Thursday, September 2, 2010


This bread is amazing (photos to come). Traditionally this bread is what is used to make French Toast. It is sliced and dipped in 1 C of Heavy Cream and 6 eggs that have been whipped. Then cooked in a frying pan that has about 2 T of browned butter. OH MY GOODNESS. These were heavenly. It needs a little bit of sweet, but it was so good. After have Brioche French Toast, I'm not sure I can go back to the soggy unflavored sandwich bread French Toast.

This bread is very rich. The traditional recipe is not for those with high cholesterol. It was very good, baked beautifully bu t it will definitely take some practice. But so far, it has been one of the easiest breads with the best results. Peter Reinhart lists 3 different recipes for Brioche with 3 differing amounts of butter and eggs. This was the highest of both. Also traditionally shaped brioche requires a special fluted pan. I didn't have one and don't want to buy one just yet so I made loaves. I will not include the shaping instructions for the brioche a tete. If you'd like to learn, look it up or grab the book :)

Rich Man's Brioche
Makes 16-24 Petites Brioches a tete, 2-4 large Brioche a Tete, or three 1 LB loaves

1/2 C unbleached bread flour
1 T Instant Yeast
1/2 C Whole Milk, Lukewarm (90-100)

5 Large Eggs
3 1/2 C Unbleached Bread Flour
2 1/2 T Granulated Sugar
1 1/2 tsp Salt
2 C Unsalted Butter, at room temperature
1 egg, whisked until frothy for the egg wash

1. Stir together the sponge ingredients until all the flour is hydrated. Cover with plastic wrap and ferment for 20 minutes or until the sponge rises and then falls when you tap the bowl.

2. Add the eggs to the sponge and whisk (or beat on medium speed with the paddle attachment) until smooth. In a separate bowl, stir together flour, sugar, and salt. Add thsi mixture to the sponge and eggs and stir (or continue to mix with the paddle on low speed for 2minutes) until all the ingredients are hydrated and evenly distributed. Let tis mixture rest for 5 minutes so that the gluten can begin to develop. Then, while mixing with a large spoon (or on medium speed with the paddle), gradually work in the butter, about one-quarter at a time, waiting until each addition of butter assimilates before adding more. This will take a few minutes. Continue mixing for about 6 more minutes, or until the dough is very well mixed. You will have to scrape down the bowl from time to time. The dough will be very smooth and soft.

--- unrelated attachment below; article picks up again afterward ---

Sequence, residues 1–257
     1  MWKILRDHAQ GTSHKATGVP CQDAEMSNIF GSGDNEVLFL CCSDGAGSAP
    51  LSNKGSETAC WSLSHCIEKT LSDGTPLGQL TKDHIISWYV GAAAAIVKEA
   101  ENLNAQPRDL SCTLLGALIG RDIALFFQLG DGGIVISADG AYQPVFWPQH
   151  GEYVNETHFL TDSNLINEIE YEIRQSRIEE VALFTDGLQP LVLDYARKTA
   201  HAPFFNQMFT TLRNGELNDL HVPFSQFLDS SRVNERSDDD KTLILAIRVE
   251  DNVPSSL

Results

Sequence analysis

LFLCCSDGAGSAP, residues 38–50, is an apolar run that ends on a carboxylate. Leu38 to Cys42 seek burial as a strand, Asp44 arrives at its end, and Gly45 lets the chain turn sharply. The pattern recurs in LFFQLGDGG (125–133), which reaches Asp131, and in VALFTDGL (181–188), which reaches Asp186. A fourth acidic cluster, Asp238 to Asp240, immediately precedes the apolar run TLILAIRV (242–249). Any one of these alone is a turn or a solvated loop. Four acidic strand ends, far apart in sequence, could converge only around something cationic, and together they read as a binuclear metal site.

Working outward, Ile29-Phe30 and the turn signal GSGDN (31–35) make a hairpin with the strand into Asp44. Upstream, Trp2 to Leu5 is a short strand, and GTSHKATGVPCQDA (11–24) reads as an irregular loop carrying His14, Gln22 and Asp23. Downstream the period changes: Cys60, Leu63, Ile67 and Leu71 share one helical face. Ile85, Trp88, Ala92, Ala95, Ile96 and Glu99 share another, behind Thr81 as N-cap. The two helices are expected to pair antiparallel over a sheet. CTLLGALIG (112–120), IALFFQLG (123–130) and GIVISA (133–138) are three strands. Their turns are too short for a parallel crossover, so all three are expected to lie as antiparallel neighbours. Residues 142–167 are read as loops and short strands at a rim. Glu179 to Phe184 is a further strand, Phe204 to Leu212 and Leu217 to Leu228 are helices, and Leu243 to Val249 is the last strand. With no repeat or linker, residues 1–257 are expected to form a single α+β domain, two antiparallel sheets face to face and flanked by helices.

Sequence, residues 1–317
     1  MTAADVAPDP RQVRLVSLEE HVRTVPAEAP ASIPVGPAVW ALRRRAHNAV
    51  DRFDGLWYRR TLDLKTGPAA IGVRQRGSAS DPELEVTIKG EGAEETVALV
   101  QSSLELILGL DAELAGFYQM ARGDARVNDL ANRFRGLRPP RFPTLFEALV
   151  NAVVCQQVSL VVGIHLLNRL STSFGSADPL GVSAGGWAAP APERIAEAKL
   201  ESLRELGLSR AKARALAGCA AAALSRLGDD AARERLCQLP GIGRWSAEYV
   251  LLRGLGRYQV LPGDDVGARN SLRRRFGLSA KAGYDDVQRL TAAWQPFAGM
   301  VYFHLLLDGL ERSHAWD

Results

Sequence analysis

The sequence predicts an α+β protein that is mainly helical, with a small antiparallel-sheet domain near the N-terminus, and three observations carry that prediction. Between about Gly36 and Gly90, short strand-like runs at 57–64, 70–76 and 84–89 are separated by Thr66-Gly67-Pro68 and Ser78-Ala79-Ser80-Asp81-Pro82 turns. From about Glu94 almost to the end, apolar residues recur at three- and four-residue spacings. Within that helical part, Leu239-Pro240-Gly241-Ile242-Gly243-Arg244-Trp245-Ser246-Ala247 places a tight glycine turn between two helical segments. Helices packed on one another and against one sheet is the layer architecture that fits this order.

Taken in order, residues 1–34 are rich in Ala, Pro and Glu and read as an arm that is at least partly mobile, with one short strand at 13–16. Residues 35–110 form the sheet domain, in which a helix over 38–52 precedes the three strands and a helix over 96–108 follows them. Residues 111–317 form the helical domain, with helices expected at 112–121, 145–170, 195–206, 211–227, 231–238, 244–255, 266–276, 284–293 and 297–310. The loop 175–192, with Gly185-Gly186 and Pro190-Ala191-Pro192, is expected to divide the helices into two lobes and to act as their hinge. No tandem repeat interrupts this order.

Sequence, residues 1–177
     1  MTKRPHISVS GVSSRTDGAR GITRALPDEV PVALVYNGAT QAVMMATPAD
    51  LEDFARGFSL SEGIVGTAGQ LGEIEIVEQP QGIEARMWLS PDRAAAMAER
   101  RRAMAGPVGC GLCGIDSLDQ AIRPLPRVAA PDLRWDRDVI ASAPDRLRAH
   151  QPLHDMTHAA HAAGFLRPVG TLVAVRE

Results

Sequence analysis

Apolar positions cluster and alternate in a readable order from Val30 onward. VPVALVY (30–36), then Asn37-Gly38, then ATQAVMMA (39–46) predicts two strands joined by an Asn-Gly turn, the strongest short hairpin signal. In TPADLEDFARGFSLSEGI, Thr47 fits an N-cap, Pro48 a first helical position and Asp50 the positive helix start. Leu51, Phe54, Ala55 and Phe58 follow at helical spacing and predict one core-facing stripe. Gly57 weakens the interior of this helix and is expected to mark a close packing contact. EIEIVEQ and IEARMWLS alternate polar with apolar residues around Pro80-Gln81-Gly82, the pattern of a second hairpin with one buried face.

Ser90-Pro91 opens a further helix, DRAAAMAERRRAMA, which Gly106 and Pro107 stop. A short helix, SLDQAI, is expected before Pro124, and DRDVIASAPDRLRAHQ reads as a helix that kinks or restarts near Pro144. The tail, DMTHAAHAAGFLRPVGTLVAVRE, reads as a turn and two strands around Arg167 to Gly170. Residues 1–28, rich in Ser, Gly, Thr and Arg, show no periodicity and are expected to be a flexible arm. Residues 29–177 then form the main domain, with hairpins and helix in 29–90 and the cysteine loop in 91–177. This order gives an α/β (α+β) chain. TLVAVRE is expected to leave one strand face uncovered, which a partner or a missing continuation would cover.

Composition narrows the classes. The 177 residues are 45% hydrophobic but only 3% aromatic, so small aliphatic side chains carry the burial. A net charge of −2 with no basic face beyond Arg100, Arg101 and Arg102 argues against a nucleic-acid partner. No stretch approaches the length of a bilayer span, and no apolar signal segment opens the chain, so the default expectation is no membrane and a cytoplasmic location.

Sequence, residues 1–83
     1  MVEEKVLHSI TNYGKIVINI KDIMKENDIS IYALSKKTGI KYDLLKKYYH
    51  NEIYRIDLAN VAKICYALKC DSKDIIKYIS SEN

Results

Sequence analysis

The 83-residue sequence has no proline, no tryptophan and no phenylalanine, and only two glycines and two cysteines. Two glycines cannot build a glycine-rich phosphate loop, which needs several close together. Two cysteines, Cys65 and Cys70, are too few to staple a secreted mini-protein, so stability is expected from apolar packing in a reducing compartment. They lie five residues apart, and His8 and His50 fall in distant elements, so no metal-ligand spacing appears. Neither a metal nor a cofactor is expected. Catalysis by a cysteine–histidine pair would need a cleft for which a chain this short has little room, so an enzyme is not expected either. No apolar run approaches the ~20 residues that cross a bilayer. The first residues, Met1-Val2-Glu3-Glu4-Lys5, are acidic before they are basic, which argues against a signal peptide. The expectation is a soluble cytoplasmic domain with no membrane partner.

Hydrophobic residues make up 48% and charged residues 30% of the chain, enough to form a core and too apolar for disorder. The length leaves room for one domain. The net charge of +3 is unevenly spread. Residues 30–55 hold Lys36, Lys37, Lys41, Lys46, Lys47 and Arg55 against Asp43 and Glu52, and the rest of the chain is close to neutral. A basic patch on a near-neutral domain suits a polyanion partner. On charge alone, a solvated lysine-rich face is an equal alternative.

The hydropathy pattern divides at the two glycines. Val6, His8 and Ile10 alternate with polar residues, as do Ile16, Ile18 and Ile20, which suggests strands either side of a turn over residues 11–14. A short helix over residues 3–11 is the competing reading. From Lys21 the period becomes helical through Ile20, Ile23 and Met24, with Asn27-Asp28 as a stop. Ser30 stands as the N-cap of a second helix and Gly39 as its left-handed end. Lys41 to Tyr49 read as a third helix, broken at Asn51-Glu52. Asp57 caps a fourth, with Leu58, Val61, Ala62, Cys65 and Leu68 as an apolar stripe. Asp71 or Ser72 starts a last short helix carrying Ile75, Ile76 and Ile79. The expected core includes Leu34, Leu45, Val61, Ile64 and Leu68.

3. Line a sheet pan with parchment and mist lightly with spray oil. Transfer the dough to the sheet pan, spreading it to form a large thick rectangle about 6x8. Mist the top of the dough and spray with oil and cover with plastic wrap. Place it int he fridge and chill over night or for at least 4 hours.

4. Remove the dough from the fridge and shape it while still cold. Grease three 8 1/2" x 4 1/2" loaf pans. Divide the dough into 3 pieces and shape the dough into loaves (this was a little difficult and it did not feel like regular bread dough, do the best you can).

5. Mist the top of the dough with spray oil and loosely cover with plastic wrap. Proof the dough until it nearly fills the loaf pans. It took about 2 1/2 hours for one loaf pan and 3 hours for the other two. Gently brush the tops with eggs was. Cover the dough with plastic wrap that has been lightly misted with oil. Continue proofing until the dough fills the molds or pans. It took at least another hour.

6. Preheat oven to 350 degrees with the rack in the middle. Bake for about 35-50 minutes for larger shapes. It should register 190 int he center. Remove the brioche from the pans as soon as they come out of the oven and cool on a rack for at least 1 hour before serving.

1 comment:

Ben, Telia, Aeden and Eliza said...

Sam, I should have known this would be the most up to date blog! Still waiting for the poor man's brioche and the brioche for someone with hypercholesteremia. I miss you guys. This is Ben.